Last Sunday, for the first time in over a month, we got some significant rain. Well somewhat significant anyway – half an inch.
It looked like the storm would clear around sunrise on Monday morning, which could be good timing. I drove up to Yosemite Valley early, and, as I often do, went to Tunnel View to get an overview of the valley and assess the conditions.
And the conditions looked promising, with lots of mist, and some higher clouds that could light up at sunrise.
Of course I’ve photographed misty scenes at Tunnel View many times before. I could have decided to go somewhere else perhaps, but under those conditions that seemed like the best spot – the location with the most potential to make interesting, expressive photographs.
It’s a popular spot, so I wasn’t alone. There were only two other people there when I arrived, but by sunrise I’m sure there were at least 20 or 30 photographers. My friend William Neill posted an image on Facebook of all the tripods lined up, and this image spurred some debate. You can read all the commentary here, but the gist of it was that some people couldn’t understand why anyone would want to photograph this scene that’s been photographed so many times before.
It’s a good question. And especially for someone like me, who’s photographed that scene many times before. Why would I want to photograph it again?
I think the primary reason is because I enjoy it. I had a great time there Monday morning. It was so much fun photographing that scene under those conditions. And it was incredibly beautiful. I’ve been to Tunnel View many, many times, under all kinds of amazing lighting conditions, but I never get tired of seeing such beauty. That morning was exceptional, and I’m glad I got to experience it.
I remember telling my friend Karl Kroeber that I didn’t want to visit The Wave, because it’s been photographed to death. And he said, “Yeah, but it’s so amazing. It’s one of the wonders of the world.” And that made me pause. Perhaps I was actually missing a wonderful experience because I was only considering the place through the lens of photography, and the desire to make photographs that were “different” and “original.”
I have similar feelings about Horsetail Fall. I understand why many photographers won’t go near Horsetail in February. Why deal with all the crowds of other photographers just to make a photograph like everyone else’s? But Horsetail is absolutely amazing. The photographs don’t do it justice – not even close. Viewing Horsetail under the right conditions is an incredible experience.
In my photographs I try to capture the beauty of nature in all its forms, big and small, well-known and seldom seen. I’d prefer to avoid crowds, and I enjoy finding new, never- or seldom-before photographed locations. But I also don’t go out of my way to avoid an iconic spot if that seems like the best location at a given time.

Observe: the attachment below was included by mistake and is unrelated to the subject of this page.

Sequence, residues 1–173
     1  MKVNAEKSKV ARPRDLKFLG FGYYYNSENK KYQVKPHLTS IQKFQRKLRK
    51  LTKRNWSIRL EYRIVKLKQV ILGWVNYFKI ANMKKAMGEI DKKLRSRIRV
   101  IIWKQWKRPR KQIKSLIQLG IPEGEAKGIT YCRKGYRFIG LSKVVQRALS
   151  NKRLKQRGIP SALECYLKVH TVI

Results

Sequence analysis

I don’t particularly care if a certain scene or subject has been photographed by other people before. All I care about is whether I’m inspired by it. I’d rather not repeat myself, if possible, so if I can find a new location, or new subject, or new way of seeing a familiar place, that’s great. But I’m not driven by the need to be “different” at all costs. First and foremost, I want to enjoy myself. And I enjoy myself most when I follow my instincts and photograph whatever I’m inspired to photograph, without worrying about how the resulting images might compare to other people’s images, whether “it’s been done before,” or any of that external mental baggage.
I hope that somewhere along the way I make photographs that are original – for me. But I find that works best (again, for me) if it’s an organic process, not a conscious effort to do something different.
And just because I photograph a lesser-known spot doesn’t make the style of the image different or original. I think we all bring our way of seeing to whatever location we visit, so while the scenery may have changed, the point of view is the same. I think it’s actually more challenging to make photographs that are different or original (for you) in a familiar location than to do what you always do in a different location.
That morning at Tunnel View was a wonderful experience. It was so beautiful. And while I didn’t have it to myself, I embraced the social aspect of it, chatting with William Neill, and running into someone I didn’t expect to see there, Josh Cripps – all the way over from Mammoth.
As the light and clouds shifted I captured wide views of the whole scene, and tighter views of mist and trees. Later I ventured into the valley and photographed many other scenes, big and small. I had a great day, and to me, that’s what matters most.
— Michael Frye
Michael Frye is a professional photographer specializing in landscapes and nature. He is the author or principal photographer of The Photographer’s Guide to Yosemite, Yosemite Meditations, Yosemite Meditations for Women, Yosemite Meditations for Adventurers, and Digital Landscape Photography: In the Footsteps of Ansel Adams and the Great Masters. He has also written three eBooks: Light & Land: Landscapes in the Digital Darkroom, Exposure for Outdoor Photography, and Landscapes in Lightroom: The Essential Step-by-Step Guide. Michael has written numerous magazine articles on the art and technique of photography, and his images have been published in over thirty countries around the world. Michael has lived either in or near Yosemite National Park since 1983, currently residing just outside the park in Mariposa, California.